Friday, March 26, 2010

Has Tiger Said Enough?

No one should be surprised that the media, almost all forms of it, are still complaining that Tiger Woods has not answered all their questions -- particularly what happened the night he drove his SUV into a fire hydrant and tree in front of his Florida home.

I must confess, I too am curious. Maybe its because I spent more than 30 years in the news business.

However, in the job I have been doing for nearly 20-years, I have come to believe there is a limit, no matter what the public or its alleged representatives in the media say.

When an organization or an individual gets into trouble, there are some basic principles that apply and have not changed much since our founder Bob Irvine wrote the first book on crisis communications in 1988 -- WHEN YOU ARE THE HEADLINE.

The individual or the leader of the organization must step up and take responsibility for what happened or what went wrong . . . the sooner the better.

Then he or she must express their regret, their apology, their sympathy, whichever is appropriate and follow that with a statement of what they are going to do to fix the problem.

If it is a company that made or distributed a defective or contaminated product, they must admit it happened -- it's okay to explain how it happened -- and then it is essential the spokesperson explain what has or is being done to make sure it never happens again.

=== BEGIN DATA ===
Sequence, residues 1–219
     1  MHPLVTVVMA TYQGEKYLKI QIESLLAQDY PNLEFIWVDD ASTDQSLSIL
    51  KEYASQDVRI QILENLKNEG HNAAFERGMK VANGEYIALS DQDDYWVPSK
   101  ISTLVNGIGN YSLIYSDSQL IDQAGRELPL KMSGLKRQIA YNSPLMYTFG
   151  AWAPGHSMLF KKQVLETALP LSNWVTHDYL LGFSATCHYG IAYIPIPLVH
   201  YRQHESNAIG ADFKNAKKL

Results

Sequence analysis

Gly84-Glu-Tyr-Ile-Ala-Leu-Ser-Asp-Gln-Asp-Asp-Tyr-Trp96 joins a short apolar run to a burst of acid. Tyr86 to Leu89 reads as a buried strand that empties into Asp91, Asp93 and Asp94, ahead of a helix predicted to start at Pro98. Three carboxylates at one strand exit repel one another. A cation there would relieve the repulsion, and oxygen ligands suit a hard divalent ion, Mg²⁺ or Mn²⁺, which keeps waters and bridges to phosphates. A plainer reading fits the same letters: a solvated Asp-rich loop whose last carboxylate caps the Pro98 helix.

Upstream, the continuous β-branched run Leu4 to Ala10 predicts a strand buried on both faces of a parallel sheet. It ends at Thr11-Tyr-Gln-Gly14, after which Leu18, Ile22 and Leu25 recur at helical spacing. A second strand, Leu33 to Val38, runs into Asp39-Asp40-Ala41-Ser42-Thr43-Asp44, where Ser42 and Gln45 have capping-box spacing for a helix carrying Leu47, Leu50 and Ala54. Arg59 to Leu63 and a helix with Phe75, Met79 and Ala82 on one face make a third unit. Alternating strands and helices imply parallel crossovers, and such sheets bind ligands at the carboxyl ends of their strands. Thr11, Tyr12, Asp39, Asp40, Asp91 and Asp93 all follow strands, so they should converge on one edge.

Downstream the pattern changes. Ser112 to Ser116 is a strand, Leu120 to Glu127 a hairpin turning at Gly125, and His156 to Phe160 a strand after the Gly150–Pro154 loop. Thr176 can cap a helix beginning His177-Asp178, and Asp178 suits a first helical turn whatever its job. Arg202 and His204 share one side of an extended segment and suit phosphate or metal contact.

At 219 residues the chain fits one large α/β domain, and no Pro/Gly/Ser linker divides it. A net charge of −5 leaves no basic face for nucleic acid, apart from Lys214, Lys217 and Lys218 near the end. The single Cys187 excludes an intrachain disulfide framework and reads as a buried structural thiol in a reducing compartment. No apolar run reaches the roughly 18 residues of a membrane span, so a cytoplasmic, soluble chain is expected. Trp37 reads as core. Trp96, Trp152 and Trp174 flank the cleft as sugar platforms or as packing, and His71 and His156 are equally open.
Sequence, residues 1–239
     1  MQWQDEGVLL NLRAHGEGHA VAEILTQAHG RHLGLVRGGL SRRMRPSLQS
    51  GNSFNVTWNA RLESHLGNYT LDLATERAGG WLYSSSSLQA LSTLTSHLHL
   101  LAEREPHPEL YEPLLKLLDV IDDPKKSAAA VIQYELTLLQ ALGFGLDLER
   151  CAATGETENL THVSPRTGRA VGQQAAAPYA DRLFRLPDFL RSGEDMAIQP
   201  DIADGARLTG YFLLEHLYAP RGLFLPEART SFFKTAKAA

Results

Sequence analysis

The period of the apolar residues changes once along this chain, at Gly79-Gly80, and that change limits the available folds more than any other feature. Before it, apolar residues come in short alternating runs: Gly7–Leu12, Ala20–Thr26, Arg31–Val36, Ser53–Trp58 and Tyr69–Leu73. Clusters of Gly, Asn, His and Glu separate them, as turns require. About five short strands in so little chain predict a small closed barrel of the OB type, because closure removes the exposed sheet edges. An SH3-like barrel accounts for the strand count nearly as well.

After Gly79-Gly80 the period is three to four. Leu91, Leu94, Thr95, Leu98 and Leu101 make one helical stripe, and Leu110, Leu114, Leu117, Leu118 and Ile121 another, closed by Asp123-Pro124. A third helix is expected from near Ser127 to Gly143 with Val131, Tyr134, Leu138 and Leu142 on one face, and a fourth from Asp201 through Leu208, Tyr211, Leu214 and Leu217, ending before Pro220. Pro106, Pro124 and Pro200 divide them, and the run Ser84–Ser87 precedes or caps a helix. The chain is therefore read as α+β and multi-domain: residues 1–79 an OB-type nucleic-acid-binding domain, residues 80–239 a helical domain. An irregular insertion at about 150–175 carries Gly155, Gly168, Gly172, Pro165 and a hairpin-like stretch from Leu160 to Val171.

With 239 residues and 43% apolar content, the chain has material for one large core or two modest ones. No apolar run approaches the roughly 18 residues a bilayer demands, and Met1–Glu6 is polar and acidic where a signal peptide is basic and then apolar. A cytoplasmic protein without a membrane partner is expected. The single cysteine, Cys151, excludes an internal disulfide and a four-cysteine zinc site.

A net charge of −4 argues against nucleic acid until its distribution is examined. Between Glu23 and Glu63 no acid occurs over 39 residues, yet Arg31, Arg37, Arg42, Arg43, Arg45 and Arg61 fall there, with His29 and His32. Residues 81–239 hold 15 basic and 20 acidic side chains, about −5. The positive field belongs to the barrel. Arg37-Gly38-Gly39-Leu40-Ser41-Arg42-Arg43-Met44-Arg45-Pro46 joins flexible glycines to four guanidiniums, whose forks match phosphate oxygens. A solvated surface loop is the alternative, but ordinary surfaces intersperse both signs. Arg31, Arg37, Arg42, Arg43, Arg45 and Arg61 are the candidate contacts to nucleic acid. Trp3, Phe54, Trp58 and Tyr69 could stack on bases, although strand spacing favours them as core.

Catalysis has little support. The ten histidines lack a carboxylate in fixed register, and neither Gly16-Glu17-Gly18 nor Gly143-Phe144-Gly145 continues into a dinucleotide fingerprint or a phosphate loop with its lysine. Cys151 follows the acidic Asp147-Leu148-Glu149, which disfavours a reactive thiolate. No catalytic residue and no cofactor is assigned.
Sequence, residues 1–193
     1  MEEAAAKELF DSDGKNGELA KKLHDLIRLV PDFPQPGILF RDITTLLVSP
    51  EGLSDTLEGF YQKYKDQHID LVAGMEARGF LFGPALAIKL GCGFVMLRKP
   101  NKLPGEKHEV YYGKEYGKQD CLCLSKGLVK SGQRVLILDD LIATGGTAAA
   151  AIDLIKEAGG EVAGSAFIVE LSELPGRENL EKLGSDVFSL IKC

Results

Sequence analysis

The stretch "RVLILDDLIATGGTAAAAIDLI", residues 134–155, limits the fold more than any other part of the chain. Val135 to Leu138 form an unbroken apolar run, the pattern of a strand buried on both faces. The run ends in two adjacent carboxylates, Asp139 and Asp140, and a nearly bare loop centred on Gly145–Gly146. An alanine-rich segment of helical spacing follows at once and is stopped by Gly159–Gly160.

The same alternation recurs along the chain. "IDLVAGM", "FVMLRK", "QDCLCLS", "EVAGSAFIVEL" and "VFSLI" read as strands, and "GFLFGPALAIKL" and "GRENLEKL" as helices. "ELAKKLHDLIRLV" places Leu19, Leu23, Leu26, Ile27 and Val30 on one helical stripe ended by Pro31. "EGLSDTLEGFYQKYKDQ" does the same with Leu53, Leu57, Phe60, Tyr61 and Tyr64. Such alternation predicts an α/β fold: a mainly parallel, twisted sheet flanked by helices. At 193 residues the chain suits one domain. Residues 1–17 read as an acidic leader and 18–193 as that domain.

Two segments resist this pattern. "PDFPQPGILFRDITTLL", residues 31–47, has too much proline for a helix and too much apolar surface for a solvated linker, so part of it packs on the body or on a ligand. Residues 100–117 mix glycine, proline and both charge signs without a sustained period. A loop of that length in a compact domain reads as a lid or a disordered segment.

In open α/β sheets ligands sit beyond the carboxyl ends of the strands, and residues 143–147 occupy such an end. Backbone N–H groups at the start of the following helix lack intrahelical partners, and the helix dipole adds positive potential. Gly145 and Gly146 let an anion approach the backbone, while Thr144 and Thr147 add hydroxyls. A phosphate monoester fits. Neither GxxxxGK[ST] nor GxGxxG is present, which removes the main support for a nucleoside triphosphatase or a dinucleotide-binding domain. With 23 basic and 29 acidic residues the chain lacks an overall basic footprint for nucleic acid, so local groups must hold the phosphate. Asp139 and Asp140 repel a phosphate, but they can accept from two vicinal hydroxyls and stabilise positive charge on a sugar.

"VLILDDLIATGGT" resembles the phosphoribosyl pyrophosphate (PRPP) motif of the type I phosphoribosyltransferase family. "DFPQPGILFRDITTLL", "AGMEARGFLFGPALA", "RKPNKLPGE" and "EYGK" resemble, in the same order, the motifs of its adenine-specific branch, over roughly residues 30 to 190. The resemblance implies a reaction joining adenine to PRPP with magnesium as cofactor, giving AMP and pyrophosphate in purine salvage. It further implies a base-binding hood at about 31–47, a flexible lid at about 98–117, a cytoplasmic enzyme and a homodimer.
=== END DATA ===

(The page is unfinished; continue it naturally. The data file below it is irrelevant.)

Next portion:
If its a case of individual misconduct -- ethical or moral -- the person responsible needs to own up, apologize and in as few words as possible explain what he or she is going to do to make sure it never happens again.

THEN, they have to live up to that public commitment.

It is often more important for public people, public organizations and companies to "do the right thing" than to keep talking about.

1 comment:

  1. Hey Larry. I have to say I agree with you. However, I think that the media has objected to the way they've been treated. He is issuing statements instead of doing interviews. And they were really annoyed, when the issue first broke, at him calling a press conference and refusing to take questions. They felt used. Then he left everything very open ended, and has issued terse little statements since. I think the fact that his image was so, so squeaky clean is also problematic.

    I feel Tiger should have done a press conference and answered a handful of questions. He should have been a bit more contrite and genuine. He should have talked a bit more about what drove him to do it, and talk about the active steps he is taking in treatment. Then, I think he should go to statements, perhaps with a representative taking calls for clarifications. When he gets back on the links, I hope he accepts the fact that he will have to do some interviews. But this whole thing will continue to simmer until he addresses it a little more squarely. The problem with his public statements is he appears to be very defensive and hiding something. Which leaves all kinds of room for his mistresses to fill in the gaps.

    --Susan G.

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